Naturally functional: Truffles have functional ingredient potential...but work needed on productivity
Often referred to as ‘underground gold’ or a ‘diamond in the kitchen’ by chefs and critics, the truffle is an important gourmet culinary ingredient used by top restaurants and kitchens. However, the expensive delicacy also has great potential as a healthy and functional ingredient, according to a team of international researchers.
Writing in Trends in Food Science & Technology, the team noted that while their current low productivity makes them expensive and inaccessible to the majority of the world's population, if this can be changed then truffles have a great deal of potential as a functional food.
“Their nutritional and gustatory value is already of immense repute,” noted the team – led by first author Seema Patel from the Bioinformatics and Medical Informatics Research Center, San Diego State University. “As it is nutrition-rich, with no known side effects, and is a great addition to diet, efforts should be directed to prospect edible varieties of truffles (beyond Europe and Pacific North West), and to enhance their productivity.”
According to the team, truffles contain naturally high levels of protein, amino acids, and essential minerals and sterols that make it a perfect candidate as a functional ingredient.
“Truffles are rich in protein, fat, dietary fibre, ash, essential amino acids (methionine, phenylalanine, valine, serine, isoleucine and threonine), and metals (K, P, Fe, Cu, Zn and Mn),” wrote the team. “For example, chemical analysis of desert truffles showed that protein constitutes 20–27% of the dry matter.”
Furthermore, truffles contain a combination of potentially beneficial volatile organic compounds (VOCs) including aldehydes, alcohols, ketones, and organic acids (ascorbic acid) in various ratios, they said.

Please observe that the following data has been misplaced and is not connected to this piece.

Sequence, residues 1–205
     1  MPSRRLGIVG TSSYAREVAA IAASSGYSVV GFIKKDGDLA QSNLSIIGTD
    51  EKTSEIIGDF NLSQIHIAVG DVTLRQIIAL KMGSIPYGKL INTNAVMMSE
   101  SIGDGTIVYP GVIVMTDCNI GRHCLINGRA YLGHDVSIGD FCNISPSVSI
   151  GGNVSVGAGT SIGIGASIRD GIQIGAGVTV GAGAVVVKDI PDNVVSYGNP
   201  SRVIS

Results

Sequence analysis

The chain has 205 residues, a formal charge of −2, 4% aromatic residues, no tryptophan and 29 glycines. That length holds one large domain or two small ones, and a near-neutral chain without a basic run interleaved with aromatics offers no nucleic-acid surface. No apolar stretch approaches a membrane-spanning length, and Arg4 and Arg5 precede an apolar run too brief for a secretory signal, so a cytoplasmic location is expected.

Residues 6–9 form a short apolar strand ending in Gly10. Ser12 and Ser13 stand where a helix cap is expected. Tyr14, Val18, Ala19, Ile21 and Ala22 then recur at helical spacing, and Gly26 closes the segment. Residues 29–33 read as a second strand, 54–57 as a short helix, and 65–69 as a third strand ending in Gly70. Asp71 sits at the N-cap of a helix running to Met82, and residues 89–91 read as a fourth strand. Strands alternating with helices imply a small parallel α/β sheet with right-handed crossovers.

“Recent studies have proven that some trufﬂes have ergosteroids, the most widespread fungal sterol, that can be transformed into vitamin D in the human body,” said Patel and colleagues.
“With the identification of its components such as ergosterol, tuberoside anandamide, polysaccharides, and phenolics, as well as the validation of nutritional benefits as antioxidant, anti-inflammatory, immunomodulatory, antitumor, antimicrobial, and aphrodisiac, it is attracting international consumer attention,” they added.
Supply and demand
However, the consumer base for truffles meagre, said the team.
“It is their low productivity that makes them expensive and inaccessible to the majority of the world's population,” they noted – adding that global production of truffles is hundreds of tonnes, “which is insufficient.”
“Due to the stark mismatch between supply and demand, the cost can surge to US $5000 per kilogram of white truffles (other types can be much cheaper, especially desert truffles),” they said.
However, Patel and colleagues suggested that if the global truffles yield can be improved, their cost will drop.
The team noted that while truffle plantations are being established, they are ‘riddled with a variety of challenges.’
“Integrative approaches, including artificial inoculation and fermentation, can materialize this objective,” they said. “An integrated approach of omics, ecological optimization, fermentation, and preservation can contribute in this direction.”
Source: Trends in Food Science & Technology
Volume 70, December 2017, Pages 1-8, doi: 10.1016/j.tifs.2017.09.009
“Potential health benefits of natural products derived from truffles: A review”
Authors: Seema Patel, et al